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Well folks, what can I say. I'm a little stumped, and I've about had it for now with this section. This section has 21 exercises in total, making it the longest section in this chapter (The next section for instance has less than half as many). I've done all all of them but 3.14, 3.15bd, 3.17, 3.18, 3.20, 3.21. These 5.5 exercises can be done another day. It's not like I haven't gone back to previous sections in the past. If I have to struggle with integrally closed domains in the future, we'll cross that bridge when we get to it. So this is le season finale.

Sometimes, lazy evaluation is useful... Sometimes. In my past of flaily self-learning math attempts, I had an interesting revelation: Hey, instead of going through everything chronologically, why don't I start from the chapter I want to be in and figure things out from there. So I started from here, and proceeded to fill in knowledge as needed. I learned absolutely nothing and wasted a week. So it goes.

On the other hand, the reason I know enough topology and algebra to barely scrape through these exercises isn't via a thorough reading of them. It was a very irresponsible, section-skippy, exercise-exclusionary, lazy reading, sometimes with nightcore playing the background (THIS IS MY MELODY AND IT'S JUST A RAVERS FANTASY ♪ CAUSE I KNOW IF YOU'RE IN LOVE WITH ME TONIIIIIIIIGHT ♪ WE'RE RAVING THROUGH THE NIIIIIIGHT ♪ WHAT THE FUCKING FUCK ♪ IS A "SEPARABLE EXTENSION" ♪ SOMEONE FUCKING HELP ME FUCKING MOTHERFUCKING MOTHERFUCKER ♪)

Breathe in. *Inhales* Find your balance........ Yes...... Breathe out. *Exhales* Think of the ocean..... all from the little wavelets *Inhale* to all the big wide waves *Exhale*..... Both are important..... Both serve their own purpose in this world...... Find your middle ground.... Do you see it? Yes....... Touch it..... Feel it...... Stay calm.... *Inhale* Don't panic... *Exhale*.... Now... Let's check the performance meter:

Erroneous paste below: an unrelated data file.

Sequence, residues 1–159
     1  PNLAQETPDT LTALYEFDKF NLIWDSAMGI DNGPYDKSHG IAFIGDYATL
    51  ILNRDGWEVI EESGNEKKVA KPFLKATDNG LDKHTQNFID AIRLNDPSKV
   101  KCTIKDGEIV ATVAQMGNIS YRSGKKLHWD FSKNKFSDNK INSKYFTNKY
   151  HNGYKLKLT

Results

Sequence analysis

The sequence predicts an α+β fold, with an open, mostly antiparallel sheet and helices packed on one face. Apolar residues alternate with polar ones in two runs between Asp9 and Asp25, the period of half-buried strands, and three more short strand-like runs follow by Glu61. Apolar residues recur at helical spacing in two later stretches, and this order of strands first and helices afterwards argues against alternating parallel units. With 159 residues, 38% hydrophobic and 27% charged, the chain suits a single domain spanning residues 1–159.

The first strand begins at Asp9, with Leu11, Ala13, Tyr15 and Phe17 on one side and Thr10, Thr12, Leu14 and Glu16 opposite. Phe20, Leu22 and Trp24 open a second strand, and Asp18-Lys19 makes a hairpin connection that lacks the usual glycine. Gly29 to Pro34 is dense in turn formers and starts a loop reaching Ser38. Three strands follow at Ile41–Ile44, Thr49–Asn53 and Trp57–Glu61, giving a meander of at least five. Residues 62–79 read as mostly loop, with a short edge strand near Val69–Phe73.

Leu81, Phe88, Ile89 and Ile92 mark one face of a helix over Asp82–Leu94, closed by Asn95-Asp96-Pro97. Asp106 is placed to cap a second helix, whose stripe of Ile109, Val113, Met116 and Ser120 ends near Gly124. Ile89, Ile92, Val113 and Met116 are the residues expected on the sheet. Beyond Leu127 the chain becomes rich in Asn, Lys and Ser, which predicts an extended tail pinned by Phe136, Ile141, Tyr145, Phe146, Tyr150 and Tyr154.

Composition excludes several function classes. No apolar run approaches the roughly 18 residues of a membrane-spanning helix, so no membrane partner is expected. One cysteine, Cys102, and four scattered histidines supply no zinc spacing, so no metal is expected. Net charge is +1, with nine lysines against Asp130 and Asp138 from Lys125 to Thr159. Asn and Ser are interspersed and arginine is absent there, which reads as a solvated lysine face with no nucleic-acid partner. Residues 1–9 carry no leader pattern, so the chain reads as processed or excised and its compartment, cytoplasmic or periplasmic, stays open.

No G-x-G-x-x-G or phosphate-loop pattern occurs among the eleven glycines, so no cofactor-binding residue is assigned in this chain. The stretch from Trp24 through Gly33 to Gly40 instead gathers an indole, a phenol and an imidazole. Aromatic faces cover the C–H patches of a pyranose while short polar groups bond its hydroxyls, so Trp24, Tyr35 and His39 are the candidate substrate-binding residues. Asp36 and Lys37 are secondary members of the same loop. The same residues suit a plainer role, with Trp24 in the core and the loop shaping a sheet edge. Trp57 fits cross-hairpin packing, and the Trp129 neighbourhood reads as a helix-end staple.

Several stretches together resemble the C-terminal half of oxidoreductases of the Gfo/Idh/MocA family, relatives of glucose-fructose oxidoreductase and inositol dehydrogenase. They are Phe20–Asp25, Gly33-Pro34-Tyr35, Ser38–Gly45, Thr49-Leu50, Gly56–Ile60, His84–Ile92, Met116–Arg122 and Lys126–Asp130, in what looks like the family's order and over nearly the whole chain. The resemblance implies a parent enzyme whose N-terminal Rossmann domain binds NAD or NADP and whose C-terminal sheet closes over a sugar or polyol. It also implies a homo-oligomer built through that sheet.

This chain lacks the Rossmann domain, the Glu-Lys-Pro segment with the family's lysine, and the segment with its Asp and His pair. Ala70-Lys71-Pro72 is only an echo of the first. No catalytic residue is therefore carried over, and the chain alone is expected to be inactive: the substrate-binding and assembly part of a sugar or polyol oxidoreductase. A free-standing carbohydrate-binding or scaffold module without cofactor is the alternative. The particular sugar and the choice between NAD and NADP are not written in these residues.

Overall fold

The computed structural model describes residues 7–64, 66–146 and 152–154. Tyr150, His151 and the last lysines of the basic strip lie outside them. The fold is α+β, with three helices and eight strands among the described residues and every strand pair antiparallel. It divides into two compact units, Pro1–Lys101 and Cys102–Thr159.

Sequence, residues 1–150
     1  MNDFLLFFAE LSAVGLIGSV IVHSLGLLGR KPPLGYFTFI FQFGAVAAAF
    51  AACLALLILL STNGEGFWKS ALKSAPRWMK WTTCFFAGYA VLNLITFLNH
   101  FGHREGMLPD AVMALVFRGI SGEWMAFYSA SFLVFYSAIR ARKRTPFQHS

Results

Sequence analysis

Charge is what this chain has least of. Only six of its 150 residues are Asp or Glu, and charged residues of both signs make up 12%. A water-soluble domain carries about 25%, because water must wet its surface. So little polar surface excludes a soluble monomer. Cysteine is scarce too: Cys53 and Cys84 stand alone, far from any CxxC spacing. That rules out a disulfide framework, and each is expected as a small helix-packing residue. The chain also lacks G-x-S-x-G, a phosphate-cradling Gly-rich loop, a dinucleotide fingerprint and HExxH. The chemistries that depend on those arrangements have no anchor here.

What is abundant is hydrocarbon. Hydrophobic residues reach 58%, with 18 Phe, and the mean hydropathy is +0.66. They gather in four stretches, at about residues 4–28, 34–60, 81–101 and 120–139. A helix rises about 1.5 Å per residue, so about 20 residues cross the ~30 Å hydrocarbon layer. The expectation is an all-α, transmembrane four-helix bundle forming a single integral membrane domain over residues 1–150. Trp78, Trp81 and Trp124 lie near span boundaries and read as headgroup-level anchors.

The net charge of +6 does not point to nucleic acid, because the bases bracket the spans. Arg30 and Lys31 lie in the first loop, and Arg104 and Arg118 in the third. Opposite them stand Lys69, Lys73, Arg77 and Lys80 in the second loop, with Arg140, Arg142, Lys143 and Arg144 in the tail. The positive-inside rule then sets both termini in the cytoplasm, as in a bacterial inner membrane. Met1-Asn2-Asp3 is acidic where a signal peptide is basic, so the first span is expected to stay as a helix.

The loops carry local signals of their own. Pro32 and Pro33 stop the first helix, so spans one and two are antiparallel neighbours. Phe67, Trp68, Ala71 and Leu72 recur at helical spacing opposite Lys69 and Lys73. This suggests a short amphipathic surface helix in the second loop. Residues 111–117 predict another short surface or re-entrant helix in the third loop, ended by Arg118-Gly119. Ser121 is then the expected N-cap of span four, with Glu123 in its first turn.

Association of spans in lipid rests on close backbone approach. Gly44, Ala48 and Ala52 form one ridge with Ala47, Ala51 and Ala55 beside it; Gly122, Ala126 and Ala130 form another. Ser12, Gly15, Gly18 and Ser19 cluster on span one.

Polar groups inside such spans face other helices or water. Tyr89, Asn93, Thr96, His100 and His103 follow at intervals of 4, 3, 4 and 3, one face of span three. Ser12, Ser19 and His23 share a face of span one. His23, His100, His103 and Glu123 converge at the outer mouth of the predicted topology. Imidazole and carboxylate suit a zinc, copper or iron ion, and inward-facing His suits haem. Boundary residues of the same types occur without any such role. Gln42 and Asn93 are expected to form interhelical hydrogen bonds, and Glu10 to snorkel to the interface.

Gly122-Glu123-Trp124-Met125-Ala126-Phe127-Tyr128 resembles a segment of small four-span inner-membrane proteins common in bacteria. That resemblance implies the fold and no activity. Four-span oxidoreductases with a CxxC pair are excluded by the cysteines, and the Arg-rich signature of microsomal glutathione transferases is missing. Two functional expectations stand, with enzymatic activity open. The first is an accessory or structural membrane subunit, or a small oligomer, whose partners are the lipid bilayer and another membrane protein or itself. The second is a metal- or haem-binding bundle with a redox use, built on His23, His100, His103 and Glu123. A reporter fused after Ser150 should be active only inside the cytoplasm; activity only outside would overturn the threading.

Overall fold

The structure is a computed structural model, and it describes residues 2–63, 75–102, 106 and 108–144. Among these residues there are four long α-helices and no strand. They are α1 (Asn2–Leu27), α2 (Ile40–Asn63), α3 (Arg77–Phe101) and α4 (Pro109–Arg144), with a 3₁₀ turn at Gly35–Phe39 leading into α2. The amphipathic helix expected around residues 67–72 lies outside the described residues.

The point of this blog was to build a habit of doing math. 3 sections in, I'd like to reveal to you, reader, that I have not built a "habit" at all. There is still no set time for when I do math. I do it at sporadic, random times, on whim rather than discipline. I generally put it off as long as I can before thinking "God fucking damn it, the blog needs to be updated" and I then stumble my way through an exercise. The accountability is working, in that the job gets done (slowly). But what I've learned over the X months since starting this blog is that "discipline" is completely lost on me. It has been X months and I have not developed a shred of discipline. My brain is officially too broken for consistency. I can go on brainpickings.org and go "ooooo" at the schedules of Benjamin Franklin or Mozart or whatever the fuck, but I now know that that's all useless information for me. I can no longer adapt my brain to my circumstances, I have to adapt my circumstances to my brain. One is usually morally obliged to avoid the latter, because that involves shaking things up around oneself rather than just within oneself, but I'm amoral so its okay. Basically, I'd like to stop being a pussy and pull the trigger on moving locations/jobs. "Nice blog, holeinmyheart, where can I subscribe"... Subscribe to this *unzips* (<— not funny).

BTW: this exercise is easy. I mean it's weird that we suddenly brought in calculus here, but it's fine. I decided to look up the Jacobian matrix Wikipedia page for a bit of refresher, and I noticed that the unsolved problem of part (b) was linked there, as its own page: Jacobian Conjecture. Very interesting. So I scrolled down and saw this:

It follows from the multivariable chain rule that if F has a polynomial inverse function G : kN kN, then JF has a polynomial reciprocal, so is a nonzero constant. The Jacobian conjecture is the following partial converse:

........which is basically the solution to this exercise.

Let me elaborate. Let's look at the Jacobian matrix formulation of the multivariable chain rule

Let I denote the identity matrix and id be the identity morphism. Then

I = Jid
= Jϕ-1ϕ
= (Jϕ-1 ϕ) Jϕ

So, taking det of both sides,

1 = det(Jϕ-1 ϕ) det(Jϕ)

Now note that ϕ-1 has polynomial coordinates (because it a morphism An An), so Jϕ-1 has polynomials in all its components. Composed with ϕ (itself having polynomial coordinates), Jϕ-1 ϕ has polynomial components, thus making the determinant of Jϕ-1 ϕ itself polynomial. It can't be 0, otherwise the above equality would give 1 = 0. But it does have to be constant, because only constant polynomial functions have multiplicative inverses. Thus, det(Jϕ) is also a nonzero constant. DONE.

Seeya in the next section!

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